But for all indications of the Big Bang theory this local place had a beginning and now as information continues to come our way validating the continued search in that direction we can see how it all might end. Along the way there information was gathered and either utilized for a fuller understanding of reality or left by the wayside in lieu of other information. Choices were made, with cause, to follow one theory or the other theory, that is unless all that you say above is true in which case no choices were made at all and Feynman was destined to be little more than a footnote, though a glorious foot note) in scientific history.

So, back to you now. I choose to await your reply or maybe I don't and am just acting out a predetermined course of illusion and you will reply as eternity demands, or not, in line with what you must do. Will we continue with this vignette of uselessness and mindless charade like two companion stars forever circling one another or shall we move forward in exploration. Will you reply again and again until your neurons stop firing and I rely again and again until I just decide ''ah # it'' and quit responding?



posted on Sep, 28 2017 @ 04:23 AM
link   
a reply to: TerryMcGuire
Nice subject.

Thinking: Index 1986-2016

THINKING

(See also Curiosity; Imagination; Logic; Meditation; Mind; Open-Mindedness; Reasoning; Thinking Ability; Thoughts)
...
changing one’s mind: w14 12/15 17-20
...
concentrating: be 14, 25-26; g98 7/22 18-20
danger of world’s: w03 7/15 21-22; w88 6/15 18-19
dependency on words: it-2 201
...
freedom of thought: g94 6/8 20-21
...
thinking straight: w03 7/15 21-23
training “thinking faculties” (2Pe 3:1): w87 6/15 29

So many choices, which one to go with? I think I'll pick...

Think Straight—Act Wisely

IMAGINE this scene: Jesus Christ is explaining that religious enemies in Jerusalem will cause him great pain and then kill him. His close friend the apostle Peter cannot believe it. In fact, he takes Jesus aside and rebukes him. Peter’s sincerity and genuine concern are beyond doubt. But how does Jesus assess Peter’s thinking? “Get behind me, Satan!” says Jesus. “You are a stumbling block to me, because you think, not God’s thoughts, but those of men.”—Matthew 16:21-23.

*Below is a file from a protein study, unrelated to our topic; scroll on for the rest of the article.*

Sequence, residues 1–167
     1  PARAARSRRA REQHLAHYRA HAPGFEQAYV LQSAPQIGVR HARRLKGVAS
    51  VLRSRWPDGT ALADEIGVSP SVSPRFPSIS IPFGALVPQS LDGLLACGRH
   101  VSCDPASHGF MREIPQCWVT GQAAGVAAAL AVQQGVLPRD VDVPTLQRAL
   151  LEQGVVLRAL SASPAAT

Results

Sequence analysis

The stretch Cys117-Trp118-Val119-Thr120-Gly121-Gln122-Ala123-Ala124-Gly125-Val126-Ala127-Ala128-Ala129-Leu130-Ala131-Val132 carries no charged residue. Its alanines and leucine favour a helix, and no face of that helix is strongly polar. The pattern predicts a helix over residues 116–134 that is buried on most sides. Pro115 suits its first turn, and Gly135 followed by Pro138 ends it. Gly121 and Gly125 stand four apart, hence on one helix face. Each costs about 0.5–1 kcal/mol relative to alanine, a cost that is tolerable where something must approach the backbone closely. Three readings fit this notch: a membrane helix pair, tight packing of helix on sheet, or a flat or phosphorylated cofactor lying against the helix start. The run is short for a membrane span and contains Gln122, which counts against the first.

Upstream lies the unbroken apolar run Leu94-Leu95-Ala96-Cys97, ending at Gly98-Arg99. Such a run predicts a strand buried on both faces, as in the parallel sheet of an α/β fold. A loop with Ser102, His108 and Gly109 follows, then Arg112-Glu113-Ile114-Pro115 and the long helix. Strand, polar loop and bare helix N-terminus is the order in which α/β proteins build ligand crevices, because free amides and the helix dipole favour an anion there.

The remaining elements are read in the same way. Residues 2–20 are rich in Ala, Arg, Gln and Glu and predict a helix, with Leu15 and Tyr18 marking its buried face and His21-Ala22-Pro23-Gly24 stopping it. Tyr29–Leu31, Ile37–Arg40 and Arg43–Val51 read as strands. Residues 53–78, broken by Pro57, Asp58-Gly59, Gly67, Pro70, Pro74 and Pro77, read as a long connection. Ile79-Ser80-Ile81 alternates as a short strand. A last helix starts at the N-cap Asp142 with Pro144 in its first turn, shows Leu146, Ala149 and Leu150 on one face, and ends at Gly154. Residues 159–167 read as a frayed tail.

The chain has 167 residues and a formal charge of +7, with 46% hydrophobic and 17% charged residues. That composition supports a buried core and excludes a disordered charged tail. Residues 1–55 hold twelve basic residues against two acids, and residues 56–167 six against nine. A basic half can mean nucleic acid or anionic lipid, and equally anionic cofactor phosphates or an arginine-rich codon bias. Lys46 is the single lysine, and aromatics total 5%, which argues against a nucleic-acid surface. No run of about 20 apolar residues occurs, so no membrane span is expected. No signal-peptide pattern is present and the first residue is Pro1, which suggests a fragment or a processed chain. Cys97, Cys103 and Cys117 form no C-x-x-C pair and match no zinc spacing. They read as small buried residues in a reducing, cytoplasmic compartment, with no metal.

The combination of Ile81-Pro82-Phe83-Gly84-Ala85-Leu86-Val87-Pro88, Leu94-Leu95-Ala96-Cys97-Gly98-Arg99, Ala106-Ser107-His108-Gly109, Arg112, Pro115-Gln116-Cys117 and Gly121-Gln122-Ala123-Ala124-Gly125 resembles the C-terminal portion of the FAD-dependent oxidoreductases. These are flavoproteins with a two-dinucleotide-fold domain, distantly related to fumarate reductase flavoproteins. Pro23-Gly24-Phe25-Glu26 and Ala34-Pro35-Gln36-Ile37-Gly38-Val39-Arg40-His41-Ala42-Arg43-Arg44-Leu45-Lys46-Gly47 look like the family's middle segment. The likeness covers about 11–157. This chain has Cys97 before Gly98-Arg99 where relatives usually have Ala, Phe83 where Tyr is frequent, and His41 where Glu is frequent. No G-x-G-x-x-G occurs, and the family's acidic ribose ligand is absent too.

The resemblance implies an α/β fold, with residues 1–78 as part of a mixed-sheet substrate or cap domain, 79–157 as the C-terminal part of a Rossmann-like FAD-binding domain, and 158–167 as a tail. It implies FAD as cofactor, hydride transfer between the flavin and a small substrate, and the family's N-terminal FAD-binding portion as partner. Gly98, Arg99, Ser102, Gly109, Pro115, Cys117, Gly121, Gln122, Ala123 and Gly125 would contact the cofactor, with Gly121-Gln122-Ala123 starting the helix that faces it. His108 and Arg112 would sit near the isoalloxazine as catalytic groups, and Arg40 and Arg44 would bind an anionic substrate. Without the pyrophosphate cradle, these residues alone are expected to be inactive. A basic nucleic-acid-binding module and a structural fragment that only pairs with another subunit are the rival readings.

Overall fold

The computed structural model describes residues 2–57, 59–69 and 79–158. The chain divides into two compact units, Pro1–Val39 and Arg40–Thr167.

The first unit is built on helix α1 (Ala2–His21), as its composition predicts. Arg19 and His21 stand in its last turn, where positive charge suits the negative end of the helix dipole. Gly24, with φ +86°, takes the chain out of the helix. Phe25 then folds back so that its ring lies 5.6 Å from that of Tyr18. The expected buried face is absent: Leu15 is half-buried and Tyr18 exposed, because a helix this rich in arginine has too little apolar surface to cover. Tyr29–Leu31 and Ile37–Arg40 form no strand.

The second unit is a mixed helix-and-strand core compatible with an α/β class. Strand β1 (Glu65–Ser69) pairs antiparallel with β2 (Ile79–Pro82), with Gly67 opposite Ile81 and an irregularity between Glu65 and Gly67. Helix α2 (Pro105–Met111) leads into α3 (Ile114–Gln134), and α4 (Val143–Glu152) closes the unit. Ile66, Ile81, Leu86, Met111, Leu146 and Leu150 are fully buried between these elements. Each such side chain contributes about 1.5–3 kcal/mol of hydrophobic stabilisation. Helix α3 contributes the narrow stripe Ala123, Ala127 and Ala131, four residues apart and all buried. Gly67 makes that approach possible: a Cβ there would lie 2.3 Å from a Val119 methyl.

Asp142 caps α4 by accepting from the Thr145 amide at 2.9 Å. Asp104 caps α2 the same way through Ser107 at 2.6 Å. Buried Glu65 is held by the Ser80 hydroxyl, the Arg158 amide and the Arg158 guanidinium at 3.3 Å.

What a shock that must have been to Peter! Instead of being a help and support, he was in this case “a stumbling block” to his beloved Master. How did this happen? Peter may have fallen prey to a common flaw in human thinking—believing only what he wanted to believe.

Do Not Be Overconfident
...
Beware of Fleshly Thinking
...
Look Out for “the Trickery of Men”

The apostle Paul also warned against “the trickery of men.” (Ephesians 4:14) He encountered “deceitful workers” who pretended to present the truth but who actually distorted it. (2 Corinthians 11:12-15) To attain their objectives, such men may resort to a selective use of evidence, emotionally loaded language, misleading half-truths, devious innuendo, and even outright lies.

Propagandists often use a word like “sect” to stigmatize others. In a recommendation to the Parliamentary Assembly of the Council of Europe, a suggestion was made that authorities who investigate new religious groups “would be well advised to forgo using this term.” Why? It was felt that the word “cult” had an excessively negative connotation. In a similar way, Greek intellectuals wrongly charged that the apostle Paul was a “chatterer,” or “seed picker.” This was to imply that he was nothing more than an idle babbler, someone who picked up and repeated only scraps of knowledge. Actually, Paul “was declaring the good news of Jesus and the resurrection.”—Acts 17:18; footnote.